It turns out that Flight Simulators use a lot more buttons that I would ever need. They have now come up with clever MFD solutions, that actually are very clever, but 20 years back, sim pilots had the same problems as me. They simply didn’t have enough buttons to simulate all the buttons that a real life airplane would have. The solution was a combination of using macros and key shortcuts to trigger commands. A macro is a scripted combination of commands. It could be something like “go to this page, press tab twice and then press space once”. They could then assign a trigger to that command, by creating a shortcuts. Shortcuts are not new to us. You probably know a few already, like Ctrl + C and Ctrl + V. So instead of having the button “A” trigger a command, you can use Crtl + Shift + A instead. This would not get in the way of you using the keyboard for typing. It caused a new problem though. Remembering all the combinations, and actually physically pressing them with one hand.

HID Macros

HID Macros is an oldschool program but works fantastically well. It identifies each keyboard or other controller and assigns unique key identities to each button. It then gives you the option to assign macros to each button. I am no programmer. I actually have no clue about programming, so I am sure that HID Macro offers many more functions that what I have used, but I won’t venture into the possibilities it offers. Instead, I’ll explain how I used it to trigger sound effects, videos and scenes in my OBS. I have even set buttons to start and stop my stream.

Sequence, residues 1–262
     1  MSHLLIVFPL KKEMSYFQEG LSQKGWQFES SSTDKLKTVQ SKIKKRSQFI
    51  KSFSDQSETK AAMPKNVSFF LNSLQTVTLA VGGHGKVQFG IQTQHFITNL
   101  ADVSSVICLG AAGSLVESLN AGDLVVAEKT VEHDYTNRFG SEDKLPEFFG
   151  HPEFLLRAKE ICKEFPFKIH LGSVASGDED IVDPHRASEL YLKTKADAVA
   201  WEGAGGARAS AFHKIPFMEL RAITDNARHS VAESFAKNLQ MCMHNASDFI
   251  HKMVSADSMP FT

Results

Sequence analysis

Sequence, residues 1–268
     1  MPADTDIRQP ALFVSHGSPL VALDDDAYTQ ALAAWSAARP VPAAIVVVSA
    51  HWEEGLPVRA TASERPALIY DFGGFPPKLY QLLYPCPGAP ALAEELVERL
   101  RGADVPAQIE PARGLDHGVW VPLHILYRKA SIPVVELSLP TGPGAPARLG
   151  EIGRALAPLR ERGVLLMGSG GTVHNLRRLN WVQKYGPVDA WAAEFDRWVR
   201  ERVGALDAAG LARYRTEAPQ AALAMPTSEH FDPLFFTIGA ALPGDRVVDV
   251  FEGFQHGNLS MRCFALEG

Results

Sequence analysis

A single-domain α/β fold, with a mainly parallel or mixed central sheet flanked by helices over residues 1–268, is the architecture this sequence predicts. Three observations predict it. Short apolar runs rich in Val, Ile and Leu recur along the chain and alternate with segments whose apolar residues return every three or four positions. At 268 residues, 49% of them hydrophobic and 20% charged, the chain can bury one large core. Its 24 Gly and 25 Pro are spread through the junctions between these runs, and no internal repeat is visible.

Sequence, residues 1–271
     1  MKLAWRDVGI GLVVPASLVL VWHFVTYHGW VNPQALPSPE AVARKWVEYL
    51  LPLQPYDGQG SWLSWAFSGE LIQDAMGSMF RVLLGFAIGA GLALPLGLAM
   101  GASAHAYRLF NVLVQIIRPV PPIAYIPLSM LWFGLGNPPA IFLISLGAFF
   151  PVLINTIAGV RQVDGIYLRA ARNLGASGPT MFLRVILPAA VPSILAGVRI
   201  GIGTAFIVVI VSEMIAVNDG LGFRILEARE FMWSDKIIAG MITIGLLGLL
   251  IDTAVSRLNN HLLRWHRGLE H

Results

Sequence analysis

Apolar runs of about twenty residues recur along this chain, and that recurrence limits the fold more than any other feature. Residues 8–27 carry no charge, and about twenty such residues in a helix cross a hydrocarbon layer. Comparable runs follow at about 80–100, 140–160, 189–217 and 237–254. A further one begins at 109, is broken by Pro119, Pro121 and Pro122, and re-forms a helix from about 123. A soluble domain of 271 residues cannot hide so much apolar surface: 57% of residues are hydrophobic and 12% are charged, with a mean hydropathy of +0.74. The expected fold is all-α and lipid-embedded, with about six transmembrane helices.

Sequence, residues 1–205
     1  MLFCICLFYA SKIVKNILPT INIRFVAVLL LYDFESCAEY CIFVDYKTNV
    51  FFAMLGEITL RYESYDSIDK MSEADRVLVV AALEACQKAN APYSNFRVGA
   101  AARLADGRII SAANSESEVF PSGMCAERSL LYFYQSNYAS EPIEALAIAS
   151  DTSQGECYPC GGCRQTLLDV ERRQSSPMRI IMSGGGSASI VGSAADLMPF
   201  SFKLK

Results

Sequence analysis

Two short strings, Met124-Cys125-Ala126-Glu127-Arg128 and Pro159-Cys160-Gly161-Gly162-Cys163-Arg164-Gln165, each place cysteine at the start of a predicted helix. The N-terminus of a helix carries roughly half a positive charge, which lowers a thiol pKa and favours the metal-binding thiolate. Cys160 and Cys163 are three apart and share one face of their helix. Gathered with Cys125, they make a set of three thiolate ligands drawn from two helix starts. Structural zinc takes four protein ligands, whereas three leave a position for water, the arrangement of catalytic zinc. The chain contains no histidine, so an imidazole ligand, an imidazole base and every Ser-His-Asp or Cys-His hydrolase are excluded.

Install the HID macro program, and make sure to run it as Administrator. This program will need to run whenever you want your shortcuts to work. For me, this is more or less always, so i have set it to launch when Windows loads.

What we’ll be using here, is the scripted macro for each button. So the basic idea is that when you press “A” on the new keyboard, it will trigger Ctrl + Shift + Alt + A on your regular keyboard. Then you can go into OBS and define that as a shortcut for the action that you need triggered. This could be to play a sound effect, a video, change scene, start recording or anything else really.

  1. Click on New..
  2. Name your new macro something that you’ll remember.
  3. Press the Scan button and then press the button on the new keyboard that you want to assign the new macro to.
  4. Note what letter that is.